‘Reaching’ or ‘braking’ during top speed running.
Toe first landings during hopping and bounding exercises. (Heel issues in your jumpers are from toe first landings, not heel first landings.)
SOLUTION: Consistently teach, cue and drill a ‘flat footed’ landing.
When teaching bounding drills, cue a ‘flat footed’ or ‘rolling heel to toe’ (rocking chair) and/or even a ‘heel first’ landing.
It’s a bit of an over cue, but athletes must constantly be reminded of getting the toe up (touch the top of your shoe with the top of your big toe) and strike the ground with a ‘flat’ foot (the arch of the foot should strike the ground first).
This often means spending more time doing ‘remedial’ drills, teaching technique and posture (as opposed to just running workouts) and regressing/remediating your practice activities when athletes don’t execute properly.
Everyone wants to do wicket drills, but not if they’re landing on the toe.
Everyone wants to do fancy bounding drills up, on and over 48” boxes, but not if they’re toeing the landing.
#1: Way to Avoid Shin Splints: Don’t Run so Much
PROBLEM: Your athletes have shin splints
Sprinkle poor ankle mobility with poor running mechanics and add a whole lot of running/interval volume and you’ve got a recipe for a shin splint epidemic.
Spend all of your training time on a concrete hallway, school parking lot and/or side street and compound the issue.
SOLUTION: Don’t rely so heavily on ‘tempo’ for your perceived ‘conditioning’ or ‘fitness’ needs.
You can’t do the same workout in a hallway or on the street that you’d do on a track or grass field.
Truth is, you’re probably not going to be able to run optimal workouts when you’re stuck in the concrete jungle.
I like the 4×400 twice as much as the 4×200, but my 4×200 teams have won more than twice as many Championships.
My “facilities” are more conducive to ‘200m training’ than ‘400m training’. So I play the hand I’m dealt.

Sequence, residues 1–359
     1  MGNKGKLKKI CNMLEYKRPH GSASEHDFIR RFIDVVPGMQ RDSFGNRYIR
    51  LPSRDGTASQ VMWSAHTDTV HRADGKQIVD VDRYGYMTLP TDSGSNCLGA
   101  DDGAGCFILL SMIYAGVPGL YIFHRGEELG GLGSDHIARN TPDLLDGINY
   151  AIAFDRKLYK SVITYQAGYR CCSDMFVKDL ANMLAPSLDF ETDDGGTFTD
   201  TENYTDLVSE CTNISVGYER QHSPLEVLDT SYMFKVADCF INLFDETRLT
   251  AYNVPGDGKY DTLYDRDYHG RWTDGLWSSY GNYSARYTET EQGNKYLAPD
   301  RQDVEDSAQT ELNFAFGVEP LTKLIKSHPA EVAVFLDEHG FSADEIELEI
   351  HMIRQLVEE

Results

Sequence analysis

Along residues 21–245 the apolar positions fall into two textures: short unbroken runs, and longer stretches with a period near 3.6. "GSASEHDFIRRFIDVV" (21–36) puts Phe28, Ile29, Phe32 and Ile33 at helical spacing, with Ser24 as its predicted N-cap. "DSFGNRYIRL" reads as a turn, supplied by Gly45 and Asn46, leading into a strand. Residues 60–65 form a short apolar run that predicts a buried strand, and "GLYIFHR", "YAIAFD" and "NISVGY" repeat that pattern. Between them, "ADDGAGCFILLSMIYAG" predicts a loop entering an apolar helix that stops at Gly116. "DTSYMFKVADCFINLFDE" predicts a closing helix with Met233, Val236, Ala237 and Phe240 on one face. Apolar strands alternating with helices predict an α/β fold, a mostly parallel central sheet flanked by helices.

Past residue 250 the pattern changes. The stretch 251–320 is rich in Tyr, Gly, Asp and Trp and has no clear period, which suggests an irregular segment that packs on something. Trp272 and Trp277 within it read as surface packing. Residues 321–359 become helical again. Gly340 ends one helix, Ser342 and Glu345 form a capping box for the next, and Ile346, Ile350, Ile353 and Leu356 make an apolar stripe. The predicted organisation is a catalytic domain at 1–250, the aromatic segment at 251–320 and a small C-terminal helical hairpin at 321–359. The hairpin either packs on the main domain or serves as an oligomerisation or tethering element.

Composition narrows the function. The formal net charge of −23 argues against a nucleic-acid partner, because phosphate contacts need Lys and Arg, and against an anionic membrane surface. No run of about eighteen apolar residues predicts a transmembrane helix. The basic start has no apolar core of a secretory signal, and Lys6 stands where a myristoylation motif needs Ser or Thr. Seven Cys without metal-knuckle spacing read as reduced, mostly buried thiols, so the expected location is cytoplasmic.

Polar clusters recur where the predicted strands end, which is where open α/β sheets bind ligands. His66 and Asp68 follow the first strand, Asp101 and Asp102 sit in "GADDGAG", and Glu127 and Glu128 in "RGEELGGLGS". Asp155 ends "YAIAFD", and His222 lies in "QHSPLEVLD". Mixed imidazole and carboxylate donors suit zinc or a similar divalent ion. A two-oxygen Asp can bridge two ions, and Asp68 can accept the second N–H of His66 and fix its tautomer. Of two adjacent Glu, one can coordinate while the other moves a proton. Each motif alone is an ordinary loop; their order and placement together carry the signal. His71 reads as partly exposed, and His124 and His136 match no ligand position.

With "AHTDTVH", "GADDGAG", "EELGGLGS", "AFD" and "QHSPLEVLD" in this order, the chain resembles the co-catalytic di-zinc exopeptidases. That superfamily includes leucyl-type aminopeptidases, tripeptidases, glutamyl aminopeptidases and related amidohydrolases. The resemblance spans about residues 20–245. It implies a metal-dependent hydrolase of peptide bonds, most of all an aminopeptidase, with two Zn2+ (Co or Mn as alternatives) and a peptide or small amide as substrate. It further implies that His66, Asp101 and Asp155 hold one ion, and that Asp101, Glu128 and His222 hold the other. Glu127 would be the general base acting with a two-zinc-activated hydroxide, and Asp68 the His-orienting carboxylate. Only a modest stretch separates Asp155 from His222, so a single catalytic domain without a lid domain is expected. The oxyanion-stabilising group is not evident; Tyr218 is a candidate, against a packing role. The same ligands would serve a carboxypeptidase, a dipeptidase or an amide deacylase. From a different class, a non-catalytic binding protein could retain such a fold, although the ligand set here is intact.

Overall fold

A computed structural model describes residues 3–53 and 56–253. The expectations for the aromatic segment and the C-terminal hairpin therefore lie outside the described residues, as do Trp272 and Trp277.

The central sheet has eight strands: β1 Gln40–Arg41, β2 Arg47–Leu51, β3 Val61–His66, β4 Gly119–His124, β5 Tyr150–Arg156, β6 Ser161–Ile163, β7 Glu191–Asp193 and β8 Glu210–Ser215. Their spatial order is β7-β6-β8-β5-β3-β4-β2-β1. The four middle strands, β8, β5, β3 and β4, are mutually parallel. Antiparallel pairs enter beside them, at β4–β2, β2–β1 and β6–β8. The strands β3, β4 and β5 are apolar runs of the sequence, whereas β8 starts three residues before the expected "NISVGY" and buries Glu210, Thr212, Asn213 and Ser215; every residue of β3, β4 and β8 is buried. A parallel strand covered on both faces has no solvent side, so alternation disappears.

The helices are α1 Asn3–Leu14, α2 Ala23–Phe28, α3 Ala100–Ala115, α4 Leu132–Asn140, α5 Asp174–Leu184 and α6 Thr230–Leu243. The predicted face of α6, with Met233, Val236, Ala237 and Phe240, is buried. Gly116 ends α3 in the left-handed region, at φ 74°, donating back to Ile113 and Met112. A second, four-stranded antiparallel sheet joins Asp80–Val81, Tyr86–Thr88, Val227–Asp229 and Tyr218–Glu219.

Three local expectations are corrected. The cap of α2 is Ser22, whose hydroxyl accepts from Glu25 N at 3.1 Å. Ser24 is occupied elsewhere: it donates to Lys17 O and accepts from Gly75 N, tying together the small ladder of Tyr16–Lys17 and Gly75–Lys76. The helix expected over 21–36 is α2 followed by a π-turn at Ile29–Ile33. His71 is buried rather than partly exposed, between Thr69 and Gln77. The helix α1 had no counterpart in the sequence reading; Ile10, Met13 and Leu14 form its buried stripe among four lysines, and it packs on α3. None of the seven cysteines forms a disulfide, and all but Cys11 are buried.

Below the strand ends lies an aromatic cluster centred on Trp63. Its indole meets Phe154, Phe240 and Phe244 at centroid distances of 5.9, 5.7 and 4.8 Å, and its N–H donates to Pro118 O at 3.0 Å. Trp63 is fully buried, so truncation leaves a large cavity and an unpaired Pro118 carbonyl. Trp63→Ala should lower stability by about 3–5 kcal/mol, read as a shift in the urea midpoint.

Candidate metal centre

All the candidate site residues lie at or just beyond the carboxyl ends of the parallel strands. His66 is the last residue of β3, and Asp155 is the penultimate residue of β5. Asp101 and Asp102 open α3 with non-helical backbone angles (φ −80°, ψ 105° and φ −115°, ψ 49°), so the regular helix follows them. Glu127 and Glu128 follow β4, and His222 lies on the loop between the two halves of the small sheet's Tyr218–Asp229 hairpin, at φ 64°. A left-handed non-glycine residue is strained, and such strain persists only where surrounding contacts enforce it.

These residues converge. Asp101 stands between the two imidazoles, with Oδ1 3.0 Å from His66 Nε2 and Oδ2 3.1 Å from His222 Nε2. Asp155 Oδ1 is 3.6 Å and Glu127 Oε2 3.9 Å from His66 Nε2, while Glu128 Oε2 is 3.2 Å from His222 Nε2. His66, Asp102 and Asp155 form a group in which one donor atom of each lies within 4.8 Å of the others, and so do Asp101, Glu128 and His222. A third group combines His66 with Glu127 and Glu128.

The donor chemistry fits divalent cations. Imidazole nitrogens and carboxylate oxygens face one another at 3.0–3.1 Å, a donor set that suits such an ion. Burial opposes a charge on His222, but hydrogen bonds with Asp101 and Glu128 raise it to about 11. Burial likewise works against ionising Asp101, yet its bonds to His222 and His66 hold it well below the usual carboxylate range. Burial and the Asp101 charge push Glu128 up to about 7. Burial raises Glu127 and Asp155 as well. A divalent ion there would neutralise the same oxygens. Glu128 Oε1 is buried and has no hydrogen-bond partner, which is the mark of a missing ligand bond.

Here are 2 simple ways I mitigate the risk of developing shin splints.
1. Don’t do multijump / plyometric training on concrete.
Outside of some skipping, I’m not bounding on concrete or up stairs. I don’t have any data on it, but since I stopped doing ‘stair workouts’ for ‘conditioning’ or hopping up them, my shin splint issues fell off.
2. Replace tempo runs/workouts with circuit training of various types.
We do much of our recovery and work capacity development in the form of bodyweight circuits of varying rests and activities (jogging at various paces, skipping, etc.) between exercises.
Particularly in events below 400m, I find this to be more efficient and effective at developing fitness and biomotor skill than extensive tempo runs.
For intensive tempo, I’ll often give long sprinters a relatively long and somewhat challenging continuous warmup to do so that they get to the ‘running’ part of the workout already in a state of fatigue.
If we’re forced outside, I can get away with less volume. If we’re doing some sort of ‘turn around’ or ‘400 the Hard Way’ type workout, I can get away with less volume and, again, still get (roughly) the same physiological response.
If you just look at the ‘interval volume’ of one of my workouts, it would look like we don’t do anything. But, if you look at the total amount of ‘work’, you’d see we do a lot. Just, maybe, not a lot of what people might call ‘running’.
Combine all of these ideas with a commonalities based approach to training and not only will you see a marked reduction in your incidence of shin splints and other lower leg injuries, but you’ll also develop better overall athletes.